Yarmouth, Isle of Wight

Sun 26 Aug 2012 21:28

Igor @ 50:42.380N 1:30.146W

This morning brought us perfect sailing weather -- sun and 15kts of wind. We left Weymouth around 10am in direction East with wind in our backs. With forecasted gusts of up to 20kts, the parasailor option was cast aside in favor of goosewinging. This being the second time on this trip, the preparations were much shorter. Here's a short list, as we'll no doubt forget this over the winter:
- The outer genoa sheet is led out between the deck and the lower guardrail wire, at the height of the midship cleat (otherwise the sheet rubs on the guardrail).
- The inner genoa sheet is led over the guard rail on the side which the sail will be on, ready to be fixed to the front cleat (to prevent the spinnaker pole from hitting the shrouds).
- The spinnaker pole is unclipped at the bottom bracket of the mast. Meanwhile the genoa is unrolled about 1.5m to 2m. The pole is the clipped to the genoa sheet loop.
- Then simultaneously, the genoa is unrolled further, the sheet is tightened and the pole is lower on the mast side.
- In the final position, the inner genoa sheet and the uphaul are tightened to prevent the genoa from travelling.

When retracting the pole, remember to fix the uphaul on the mast side, prior to unclipping the pole from the sail. With this setup, we reached speeds up to 9kts at 20kts of wind. We were surprised to see that it was possible to sail a wind course down to 130°, on the genoa side.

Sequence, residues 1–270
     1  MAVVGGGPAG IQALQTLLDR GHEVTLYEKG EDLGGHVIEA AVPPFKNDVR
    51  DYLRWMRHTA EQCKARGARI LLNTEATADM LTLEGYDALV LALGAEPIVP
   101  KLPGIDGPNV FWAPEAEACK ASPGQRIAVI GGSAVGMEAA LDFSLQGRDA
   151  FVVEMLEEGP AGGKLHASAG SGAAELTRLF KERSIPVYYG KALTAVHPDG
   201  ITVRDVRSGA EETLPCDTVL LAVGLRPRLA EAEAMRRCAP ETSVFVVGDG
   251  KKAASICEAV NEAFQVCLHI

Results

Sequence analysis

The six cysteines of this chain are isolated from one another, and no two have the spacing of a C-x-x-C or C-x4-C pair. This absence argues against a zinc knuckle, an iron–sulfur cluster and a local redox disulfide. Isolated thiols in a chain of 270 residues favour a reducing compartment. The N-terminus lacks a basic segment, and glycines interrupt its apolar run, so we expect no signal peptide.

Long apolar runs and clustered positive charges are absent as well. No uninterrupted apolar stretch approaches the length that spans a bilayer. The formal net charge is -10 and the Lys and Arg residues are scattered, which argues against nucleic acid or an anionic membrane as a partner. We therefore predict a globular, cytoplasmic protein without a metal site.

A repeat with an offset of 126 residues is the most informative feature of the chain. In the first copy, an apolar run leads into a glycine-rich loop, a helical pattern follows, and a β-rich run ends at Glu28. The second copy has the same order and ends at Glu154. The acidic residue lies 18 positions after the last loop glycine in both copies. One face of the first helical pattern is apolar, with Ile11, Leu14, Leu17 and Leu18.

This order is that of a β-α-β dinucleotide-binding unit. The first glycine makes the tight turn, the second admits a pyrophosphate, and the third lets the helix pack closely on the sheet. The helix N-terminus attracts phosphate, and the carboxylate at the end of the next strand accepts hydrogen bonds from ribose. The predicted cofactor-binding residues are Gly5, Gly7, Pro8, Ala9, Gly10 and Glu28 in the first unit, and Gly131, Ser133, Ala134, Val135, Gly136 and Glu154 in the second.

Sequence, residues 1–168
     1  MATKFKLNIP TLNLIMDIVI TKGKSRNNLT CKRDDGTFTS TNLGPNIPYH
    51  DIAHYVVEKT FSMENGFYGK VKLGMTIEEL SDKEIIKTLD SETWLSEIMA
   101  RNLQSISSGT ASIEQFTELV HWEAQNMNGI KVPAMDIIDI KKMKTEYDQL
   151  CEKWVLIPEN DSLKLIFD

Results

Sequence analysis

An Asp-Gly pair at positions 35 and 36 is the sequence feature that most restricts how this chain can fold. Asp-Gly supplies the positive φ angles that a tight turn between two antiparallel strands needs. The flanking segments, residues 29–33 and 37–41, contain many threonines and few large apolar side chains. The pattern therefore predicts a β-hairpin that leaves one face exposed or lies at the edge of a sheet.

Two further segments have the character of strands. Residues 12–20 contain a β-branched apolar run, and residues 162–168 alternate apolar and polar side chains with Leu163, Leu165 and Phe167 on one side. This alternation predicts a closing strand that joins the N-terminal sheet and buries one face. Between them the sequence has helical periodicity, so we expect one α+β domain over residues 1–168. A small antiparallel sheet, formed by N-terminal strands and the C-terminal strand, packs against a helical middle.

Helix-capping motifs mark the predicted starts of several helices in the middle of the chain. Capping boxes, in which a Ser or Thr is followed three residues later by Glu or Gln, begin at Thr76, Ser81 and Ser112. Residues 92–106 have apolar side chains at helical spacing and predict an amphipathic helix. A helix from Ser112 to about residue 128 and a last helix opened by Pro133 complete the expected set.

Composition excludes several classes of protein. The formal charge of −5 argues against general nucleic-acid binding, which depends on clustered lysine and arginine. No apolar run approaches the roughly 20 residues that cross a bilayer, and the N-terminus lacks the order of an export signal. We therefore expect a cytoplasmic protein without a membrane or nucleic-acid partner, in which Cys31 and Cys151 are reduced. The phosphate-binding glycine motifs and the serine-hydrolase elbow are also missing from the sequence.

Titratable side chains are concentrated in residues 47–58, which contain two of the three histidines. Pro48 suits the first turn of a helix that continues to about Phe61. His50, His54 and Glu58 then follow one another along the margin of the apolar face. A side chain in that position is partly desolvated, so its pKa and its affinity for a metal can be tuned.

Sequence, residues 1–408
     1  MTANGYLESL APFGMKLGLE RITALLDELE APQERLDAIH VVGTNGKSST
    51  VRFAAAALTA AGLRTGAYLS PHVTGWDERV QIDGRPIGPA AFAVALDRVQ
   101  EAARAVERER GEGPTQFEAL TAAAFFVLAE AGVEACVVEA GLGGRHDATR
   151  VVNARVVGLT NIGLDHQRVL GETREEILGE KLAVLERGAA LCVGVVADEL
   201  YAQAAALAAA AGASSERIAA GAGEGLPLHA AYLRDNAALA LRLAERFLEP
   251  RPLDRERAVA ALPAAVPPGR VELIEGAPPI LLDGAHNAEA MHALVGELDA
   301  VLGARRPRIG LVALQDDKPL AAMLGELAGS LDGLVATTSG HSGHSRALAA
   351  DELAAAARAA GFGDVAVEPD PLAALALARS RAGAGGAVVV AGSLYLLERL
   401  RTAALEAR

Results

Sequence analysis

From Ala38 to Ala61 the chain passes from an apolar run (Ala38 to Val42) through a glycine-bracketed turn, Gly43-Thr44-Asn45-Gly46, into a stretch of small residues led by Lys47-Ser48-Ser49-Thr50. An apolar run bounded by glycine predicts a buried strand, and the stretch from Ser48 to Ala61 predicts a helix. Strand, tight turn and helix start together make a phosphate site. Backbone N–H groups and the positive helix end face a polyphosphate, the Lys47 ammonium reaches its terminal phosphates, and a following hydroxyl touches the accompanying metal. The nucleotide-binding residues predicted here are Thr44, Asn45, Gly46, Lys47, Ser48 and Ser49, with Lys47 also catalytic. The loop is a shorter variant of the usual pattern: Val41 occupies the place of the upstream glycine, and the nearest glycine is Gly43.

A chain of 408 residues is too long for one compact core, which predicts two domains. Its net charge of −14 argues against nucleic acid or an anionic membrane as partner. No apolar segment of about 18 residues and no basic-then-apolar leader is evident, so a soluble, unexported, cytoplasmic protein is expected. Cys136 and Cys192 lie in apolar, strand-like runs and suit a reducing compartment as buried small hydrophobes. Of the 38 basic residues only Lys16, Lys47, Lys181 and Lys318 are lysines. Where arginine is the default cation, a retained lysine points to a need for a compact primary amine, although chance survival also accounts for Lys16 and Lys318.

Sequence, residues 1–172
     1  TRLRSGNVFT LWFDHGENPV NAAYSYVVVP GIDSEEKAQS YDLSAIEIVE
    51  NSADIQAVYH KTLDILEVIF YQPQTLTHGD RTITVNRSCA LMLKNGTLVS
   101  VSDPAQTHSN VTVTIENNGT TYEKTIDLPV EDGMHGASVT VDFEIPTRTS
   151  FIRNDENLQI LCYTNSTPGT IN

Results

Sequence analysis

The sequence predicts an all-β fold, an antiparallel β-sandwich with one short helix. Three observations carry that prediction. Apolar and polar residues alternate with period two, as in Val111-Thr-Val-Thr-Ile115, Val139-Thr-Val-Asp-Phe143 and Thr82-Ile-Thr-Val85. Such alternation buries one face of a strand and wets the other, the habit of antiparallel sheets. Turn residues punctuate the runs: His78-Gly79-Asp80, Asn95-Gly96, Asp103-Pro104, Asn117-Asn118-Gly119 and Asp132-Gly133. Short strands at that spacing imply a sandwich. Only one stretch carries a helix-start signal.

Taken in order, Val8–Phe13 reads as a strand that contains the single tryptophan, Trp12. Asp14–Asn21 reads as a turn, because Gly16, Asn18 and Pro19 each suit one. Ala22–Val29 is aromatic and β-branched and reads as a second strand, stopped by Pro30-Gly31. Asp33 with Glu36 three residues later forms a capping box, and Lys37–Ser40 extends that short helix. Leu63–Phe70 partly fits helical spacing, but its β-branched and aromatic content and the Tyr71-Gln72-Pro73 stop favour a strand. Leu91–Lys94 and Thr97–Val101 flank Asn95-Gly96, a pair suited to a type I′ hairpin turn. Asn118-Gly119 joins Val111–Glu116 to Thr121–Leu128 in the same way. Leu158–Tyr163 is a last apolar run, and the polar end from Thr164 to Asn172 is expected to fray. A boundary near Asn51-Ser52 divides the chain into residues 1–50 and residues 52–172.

As we arrived there, the Marina in Yarmouth was full of boats coming or leaving. The personnel was very busy directing the incoming boats to free berths, and more than once it looked like collisions were imminent. Fortunately we were able to temporarily tie up to a boat of similar size, and enjoy a cup of tea before proceeding to our alloted space.

After the obligatory "town"-tour (a couple of streets in each direction), Hannah and I decided to take the dinghy for a ride up the river. Along the way, we ran into a regatta of a home for elderly people. Some people looked so old they can probably barely stand on their own, but everyone was super competitive, so we had to zig-zag around as no one would give way.

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